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The Taming of the Shrew: Act V, Scene 1

The Taming of the Shrew
Act V, Scene 1

Scene 1

Padua. Before Lucentio’s house.

  1. Enter Biondello, Lucentio, and Bianca; Gremio is out before.

Biondello

1
  1. Softly and swiftly, sir, for the priest is ready.

Lucentio

2 - 3
  1. I fly, Biondello; but they may chance to need thee at home,
  2. therefore leave us.

Biondello

4 - 5
  1. Nay, faith, I’ll see the church a’ your back, and then come
  2. back to my master’s as soon as I can.
  1. Exeunt Lucentio, Bianca, and Biondello.

Gremio

6
  1. I marvel Cambio comes not all this while.
  1. Enter Petruchio, Kate, Vincentio, Grumio, with Attendants.

Petruchio

7 - 9
  1. Sir, here’s the door, this is Lucentio’s house.
  2. My father’s bears more toward the market-place;
  3. Thither must I, and here I leave you, sir.

Vincentio

10 - 12
  1. You shall not choose but drink before you go.
  2. I think I shall command your welcome here;
  3. And by all likelihood some cheer is toward.
  1. Knock.

Gremio

13
  1. They’re busy within, you were best knock louder.
  1. Pedant looks out of the window.

Pedant

14
  1. What’s he that knocks as he would beat down the gate?

Vincentio

15
  1. Is Signior Lucentio within, sir?

Pedant

16
  1. He’s within, sir, but not to be spoken withal.

Vincentio

17 - 18
  1. What if a man bring him a hundred pound or two, to make
  2. merry withal?

Pedant

19 - 20
  1. Keep your hundred pounds to yourself, he shall need none so
  2. long as I live.

Petruchio

21 - 24
  1. Nay, I told you your son was well belov’d in Padua. Do you
  2. hear, sir?—to leave frivolous circumstances, I pray you tell
  3. Signior Lucentio that his father is come from Pisa, and is
  4. here at the door to speak with him.

Pedant

25 - 26
  1. Thou liest, his father is come from Padua and here looking
  2. out at the window.

Vincentio

27
  1. Art thou his father?

Pedant

28
  1. Ay, sir, so his mother says, if I may believe her.

Petruchio

29 - 30
  1. To Vincentio.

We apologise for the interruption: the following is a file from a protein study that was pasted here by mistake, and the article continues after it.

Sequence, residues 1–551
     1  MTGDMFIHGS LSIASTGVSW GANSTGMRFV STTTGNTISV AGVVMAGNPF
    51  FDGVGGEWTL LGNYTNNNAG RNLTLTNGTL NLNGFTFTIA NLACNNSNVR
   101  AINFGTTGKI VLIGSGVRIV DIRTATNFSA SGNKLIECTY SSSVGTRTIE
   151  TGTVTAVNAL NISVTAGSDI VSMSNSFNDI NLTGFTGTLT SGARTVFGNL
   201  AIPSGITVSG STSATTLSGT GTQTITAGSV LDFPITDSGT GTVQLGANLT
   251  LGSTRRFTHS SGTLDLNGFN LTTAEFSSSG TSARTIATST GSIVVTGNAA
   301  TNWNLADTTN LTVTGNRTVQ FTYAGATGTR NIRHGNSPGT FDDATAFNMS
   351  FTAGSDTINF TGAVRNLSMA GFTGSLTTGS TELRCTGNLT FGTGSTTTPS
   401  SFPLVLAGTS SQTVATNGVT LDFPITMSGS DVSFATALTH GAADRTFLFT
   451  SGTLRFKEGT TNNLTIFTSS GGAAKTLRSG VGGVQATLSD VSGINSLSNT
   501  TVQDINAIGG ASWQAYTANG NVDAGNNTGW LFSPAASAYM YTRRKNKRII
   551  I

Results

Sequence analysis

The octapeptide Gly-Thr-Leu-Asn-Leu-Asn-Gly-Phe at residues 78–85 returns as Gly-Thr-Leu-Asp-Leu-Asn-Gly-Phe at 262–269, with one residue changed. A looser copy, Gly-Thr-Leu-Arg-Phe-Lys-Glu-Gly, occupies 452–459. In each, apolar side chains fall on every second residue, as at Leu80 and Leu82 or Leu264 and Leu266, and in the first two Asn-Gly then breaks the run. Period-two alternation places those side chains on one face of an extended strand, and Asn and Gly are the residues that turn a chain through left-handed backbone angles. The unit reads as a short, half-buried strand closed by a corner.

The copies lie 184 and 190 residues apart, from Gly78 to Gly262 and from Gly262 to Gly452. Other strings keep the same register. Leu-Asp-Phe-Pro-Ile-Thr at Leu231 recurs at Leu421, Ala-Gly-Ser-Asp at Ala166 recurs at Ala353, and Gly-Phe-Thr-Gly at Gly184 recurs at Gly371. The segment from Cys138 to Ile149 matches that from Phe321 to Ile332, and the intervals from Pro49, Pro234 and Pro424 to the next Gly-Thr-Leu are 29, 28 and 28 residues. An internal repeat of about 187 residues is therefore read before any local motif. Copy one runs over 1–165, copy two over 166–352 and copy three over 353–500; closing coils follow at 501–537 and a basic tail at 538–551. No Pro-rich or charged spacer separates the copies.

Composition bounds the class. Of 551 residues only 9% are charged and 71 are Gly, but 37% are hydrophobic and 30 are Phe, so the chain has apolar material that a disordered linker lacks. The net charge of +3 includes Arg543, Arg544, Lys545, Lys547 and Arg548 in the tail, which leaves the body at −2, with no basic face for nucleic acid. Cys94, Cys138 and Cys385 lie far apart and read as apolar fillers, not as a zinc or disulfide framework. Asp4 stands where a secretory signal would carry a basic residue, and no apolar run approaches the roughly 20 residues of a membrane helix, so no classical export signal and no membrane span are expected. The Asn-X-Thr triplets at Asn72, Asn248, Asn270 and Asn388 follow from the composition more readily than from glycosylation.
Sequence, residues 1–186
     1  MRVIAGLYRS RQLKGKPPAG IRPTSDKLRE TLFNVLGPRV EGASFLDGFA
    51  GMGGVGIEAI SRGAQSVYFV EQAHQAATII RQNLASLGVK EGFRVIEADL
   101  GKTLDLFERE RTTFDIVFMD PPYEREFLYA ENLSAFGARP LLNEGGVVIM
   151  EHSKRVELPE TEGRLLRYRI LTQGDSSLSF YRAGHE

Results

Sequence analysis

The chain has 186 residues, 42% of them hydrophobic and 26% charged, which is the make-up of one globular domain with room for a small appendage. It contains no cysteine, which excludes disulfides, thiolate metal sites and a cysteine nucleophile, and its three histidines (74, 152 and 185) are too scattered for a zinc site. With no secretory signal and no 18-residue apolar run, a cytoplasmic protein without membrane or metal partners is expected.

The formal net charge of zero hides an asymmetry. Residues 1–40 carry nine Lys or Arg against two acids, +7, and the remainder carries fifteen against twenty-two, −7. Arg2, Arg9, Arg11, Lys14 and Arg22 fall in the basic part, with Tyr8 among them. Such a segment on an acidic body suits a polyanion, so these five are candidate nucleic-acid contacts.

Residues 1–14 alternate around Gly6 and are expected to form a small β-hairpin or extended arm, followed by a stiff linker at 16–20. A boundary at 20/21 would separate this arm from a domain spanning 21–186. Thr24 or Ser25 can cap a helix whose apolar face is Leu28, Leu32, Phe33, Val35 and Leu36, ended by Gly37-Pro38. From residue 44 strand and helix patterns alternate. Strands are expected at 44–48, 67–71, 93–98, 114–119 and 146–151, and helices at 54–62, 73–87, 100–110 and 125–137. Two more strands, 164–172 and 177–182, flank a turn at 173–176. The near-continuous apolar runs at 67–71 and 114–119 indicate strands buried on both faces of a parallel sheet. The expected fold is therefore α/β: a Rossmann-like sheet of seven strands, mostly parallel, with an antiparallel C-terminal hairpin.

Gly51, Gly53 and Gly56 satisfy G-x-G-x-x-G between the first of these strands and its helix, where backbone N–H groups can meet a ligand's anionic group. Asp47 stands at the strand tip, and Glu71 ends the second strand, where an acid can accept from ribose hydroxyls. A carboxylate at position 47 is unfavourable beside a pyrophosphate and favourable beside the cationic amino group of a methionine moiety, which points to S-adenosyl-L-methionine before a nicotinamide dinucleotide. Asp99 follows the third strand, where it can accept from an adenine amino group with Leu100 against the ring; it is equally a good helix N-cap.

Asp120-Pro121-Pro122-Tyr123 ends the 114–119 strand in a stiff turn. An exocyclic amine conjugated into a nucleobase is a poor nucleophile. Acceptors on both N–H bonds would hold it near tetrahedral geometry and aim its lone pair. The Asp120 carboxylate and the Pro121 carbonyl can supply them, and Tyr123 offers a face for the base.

2. Why, how now, gentleman? Why, this is flat knavery, to take
  3. upon you another man’s name.

Pedant

31 - 32
  1. Lay hands on the villain. I believe ’a means to cozen
  2. somebody in this city under my countenance.
  1. Enter Biondello.

Biondello

33 - 35
  1. I have seen them in the church together, God send ’em good
  2. shipping! But who is here? Mine old master Vincentio! Now we
  3. are undone and brought to nothing.

Vincentio

36
  1. Seeing Biondello.
  2. Come hither, crack-hemp.

Biondello

37
  1. I hope I may choose, sir.

Vincentio

38
  1. Come hither, you rogue. What, have you forgot me?

Biondello

39 - 40
  1. Forgot you? No, sir. I could not forget you, for I never saw
  2. you before in all my life.

Vincentio

41 - 42
  1. What, you notorious villain, didst thou never see thy
  2. master’s father, Vincentio?

Biondello

43 - 44
  1. What, my old worshipful old master? Yes, marry, sirsee
  2. where he looks out of the window.

Vincentio

45
  1. Is’t so indeed?
  1. He beats Biondello.

Biondello

46
  1. Help, help, help! Here’s a madman will murder me.
  1. Exit.

Pedant

47
  1. Help, son! Help, Signior Baptista!
  1. Exit above.

Petruchio

48 - 49
  1. Prithee, Kate, let’s stand aside and see the end of this
  2. controversy.
  1. They retire.
  1. Enter Pedant below with Servants, Baptista, Tranio as
  2. Lucentio.

Tranio

50
  1. Sir, what are you that offer to beat my servant?

Vincentio

51 - 55
  1. What am I, sir? Nay, what are you, sir? O immortal gods! O
  2. fine villain! A silken doublet, a velvet hose, a scarlet
  3. cloak, and a copatain hat! O, I am undone, I am undone!
  4. While I play the good husband at home, my son and my servant
  5. spend all at the university.

Tranio

56
  1. How now, what’s the matter?

Baptista

57
  1. What, is the man lunatic?

Tranio

58 - 61
  1. Sir, you seem a sober ancient gentleman by your habit; but
  2. your words show you a madman. Why, sir, what ’cerns it you
  3. if I wear pearl and gold? I thank my good father, I am able